• Cyber forces need a rapid and flexible ability to acquire cyber-specific tools. It could be modeled on the U.S. Special Operations Command rapid acquisition approach.

Table of Contents

  • Chapter One

    Introduction

  • Chapter Two

    Special Operations Forces Before U.S. Special Operations Command

  • Chapter Three

    The Transition to and Evolution of U.S. Special Operations Command

  • Chapter Four

    Cyber Forces and U.S. Cyber Command

  • Chapter Five

    Confirming the Analogy: How Alike Are Pre–U.S. Special Operations Command Forces and Contemporary Cyber Forces?

  • Chapter Six

    Lessons for U.S. Cyber Forces from U.S. Special Operations Command Acquisitions

  • Chapter Seven

    Conclusions and Recommendations

The research was conducted within RAND Arroyo Center's Force Development and Technology program. RAND Arroyo Center, part of the RAND Corporation, is a federally funded research and development center sponsored by the U.S. Army.

This report is part of the RAND Corporation research report series. RAND reports present research findings and objective analysis that address the challenges facing the public and private sectors. All RAND reports undergo rigorous peer review to ensure high standards for research quality and objectivity.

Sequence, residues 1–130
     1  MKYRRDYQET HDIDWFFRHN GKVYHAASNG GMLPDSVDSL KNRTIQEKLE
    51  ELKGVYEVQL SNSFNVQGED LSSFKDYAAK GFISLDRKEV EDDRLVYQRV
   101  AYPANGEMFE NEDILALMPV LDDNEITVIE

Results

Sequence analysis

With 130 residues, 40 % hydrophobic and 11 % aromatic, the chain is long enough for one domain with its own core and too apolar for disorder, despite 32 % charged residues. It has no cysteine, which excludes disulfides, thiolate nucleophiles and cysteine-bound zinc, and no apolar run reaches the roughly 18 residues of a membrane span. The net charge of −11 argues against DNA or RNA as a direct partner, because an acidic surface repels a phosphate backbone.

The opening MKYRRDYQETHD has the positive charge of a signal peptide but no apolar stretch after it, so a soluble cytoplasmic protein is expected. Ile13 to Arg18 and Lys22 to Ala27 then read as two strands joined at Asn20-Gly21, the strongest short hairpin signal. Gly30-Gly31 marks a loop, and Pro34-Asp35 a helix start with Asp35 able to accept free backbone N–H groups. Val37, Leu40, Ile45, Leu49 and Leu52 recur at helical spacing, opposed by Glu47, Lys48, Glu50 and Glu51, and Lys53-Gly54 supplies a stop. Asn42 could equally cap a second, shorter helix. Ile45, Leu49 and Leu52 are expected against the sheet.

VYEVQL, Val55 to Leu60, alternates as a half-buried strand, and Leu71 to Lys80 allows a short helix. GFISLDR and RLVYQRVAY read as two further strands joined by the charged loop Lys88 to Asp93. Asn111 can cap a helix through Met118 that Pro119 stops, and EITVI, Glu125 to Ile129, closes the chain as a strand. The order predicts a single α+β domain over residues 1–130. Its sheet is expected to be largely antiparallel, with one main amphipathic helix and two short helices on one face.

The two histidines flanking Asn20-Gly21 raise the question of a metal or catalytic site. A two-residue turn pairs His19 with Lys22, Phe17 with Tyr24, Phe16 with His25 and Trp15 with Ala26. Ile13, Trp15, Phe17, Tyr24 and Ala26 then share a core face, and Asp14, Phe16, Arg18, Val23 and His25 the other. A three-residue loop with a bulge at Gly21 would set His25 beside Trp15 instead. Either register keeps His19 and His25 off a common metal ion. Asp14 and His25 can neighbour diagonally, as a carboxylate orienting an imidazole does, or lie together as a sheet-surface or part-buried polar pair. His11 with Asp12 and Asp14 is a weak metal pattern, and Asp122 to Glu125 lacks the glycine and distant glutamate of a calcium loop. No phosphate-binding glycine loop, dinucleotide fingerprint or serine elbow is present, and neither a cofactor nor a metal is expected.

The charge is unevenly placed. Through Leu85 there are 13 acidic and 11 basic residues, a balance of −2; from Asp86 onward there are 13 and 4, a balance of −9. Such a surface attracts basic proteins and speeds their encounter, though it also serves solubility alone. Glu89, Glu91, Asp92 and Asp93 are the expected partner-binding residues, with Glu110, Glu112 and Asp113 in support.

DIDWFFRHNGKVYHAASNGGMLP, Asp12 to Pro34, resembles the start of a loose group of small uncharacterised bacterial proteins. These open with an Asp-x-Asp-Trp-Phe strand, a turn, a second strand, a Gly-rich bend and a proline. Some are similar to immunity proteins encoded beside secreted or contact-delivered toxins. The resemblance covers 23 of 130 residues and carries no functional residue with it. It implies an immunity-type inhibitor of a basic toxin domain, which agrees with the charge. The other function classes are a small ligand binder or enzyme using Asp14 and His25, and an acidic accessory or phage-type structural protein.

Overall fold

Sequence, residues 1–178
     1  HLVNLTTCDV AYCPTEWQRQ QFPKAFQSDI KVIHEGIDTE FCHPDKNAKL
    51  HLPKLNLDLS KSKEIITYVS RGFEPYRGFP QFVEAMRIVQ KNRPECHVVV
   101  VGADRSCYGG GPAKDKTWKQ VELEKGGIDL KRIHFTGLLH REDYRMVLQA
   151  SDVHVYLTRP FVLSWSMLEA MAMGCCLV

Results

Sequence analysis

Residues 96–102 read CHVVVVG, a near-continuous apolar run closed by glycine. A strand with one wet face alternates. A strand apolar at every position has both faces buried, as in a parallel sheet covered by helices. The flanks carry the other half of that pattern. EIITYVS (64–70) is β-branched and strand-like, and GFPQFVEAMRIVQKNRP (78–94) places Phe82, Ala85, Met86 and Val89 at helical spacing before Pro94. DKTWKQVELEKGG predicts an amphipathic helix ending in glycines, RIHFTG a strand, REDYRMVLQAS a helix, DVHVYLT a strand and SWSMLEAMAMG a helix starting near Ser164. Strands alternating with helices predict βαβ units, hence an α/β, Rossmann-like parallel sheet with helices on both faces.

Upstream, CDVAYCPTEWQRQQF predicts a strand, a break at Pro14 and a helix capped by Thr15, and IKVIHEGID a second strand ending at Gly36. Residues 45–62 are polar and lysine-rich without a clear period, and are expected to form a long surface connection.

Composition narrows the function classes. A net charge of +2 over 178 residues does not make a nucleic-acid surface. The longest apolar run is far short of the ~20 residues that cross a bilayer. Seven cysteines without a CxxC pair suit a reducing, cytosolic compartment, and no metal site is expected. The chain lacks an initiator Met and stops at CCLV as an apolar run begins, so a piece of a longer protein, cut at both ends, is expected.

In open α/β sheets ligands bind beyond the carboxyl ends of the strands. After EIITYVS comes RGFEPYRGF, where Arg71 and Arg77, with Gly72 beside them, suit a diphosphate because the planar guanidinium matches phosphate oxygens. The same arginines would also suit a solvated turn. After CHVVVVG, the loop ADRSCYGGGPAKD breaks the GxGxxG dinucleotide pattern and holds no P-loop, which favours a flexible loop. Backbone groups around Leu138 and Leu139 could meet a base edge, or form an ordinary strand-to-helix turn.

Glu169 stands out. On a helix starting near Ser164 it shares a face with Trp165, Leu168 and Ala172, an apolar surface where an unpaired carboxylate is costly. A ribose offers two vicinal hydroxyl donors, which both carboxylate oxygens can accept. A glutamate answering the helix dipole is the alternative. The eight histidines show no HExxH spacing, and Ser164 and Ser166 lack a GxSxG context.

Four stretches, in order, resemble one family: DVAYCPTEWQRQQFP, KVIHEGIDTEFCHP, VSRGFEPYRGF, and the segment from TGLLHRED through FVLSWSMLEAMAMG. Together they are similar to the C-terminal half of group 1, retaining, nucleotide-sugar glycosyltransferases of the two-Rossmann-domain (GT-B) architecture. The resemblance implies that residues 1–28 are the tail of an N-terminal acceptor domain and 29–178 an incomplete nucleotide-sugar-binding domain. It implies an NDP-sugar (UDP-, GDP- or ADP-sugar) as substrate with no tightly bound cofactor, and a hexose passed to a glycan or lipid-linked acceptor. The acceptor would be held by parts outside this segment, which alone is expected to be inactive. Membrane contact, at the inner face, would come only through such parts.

Permission is given to duplicate this electronic document for personal use only, as long as it is unaltered and complete. Copies may not be duplicated for commercial purposes. Unauthorized posting of RAND PDFs to a non-RAND Web site is prohibited. RAND PDFs are protected under copyright law. For information on reprint and linking permissions, please visit the RAND Permissions page.

The RAND Corporation is a nonprofit institution that helps improve policy and decisionmaking through research and analysis. RAND's publications do not necessarily reflect the opinions of its research clients and sponsors.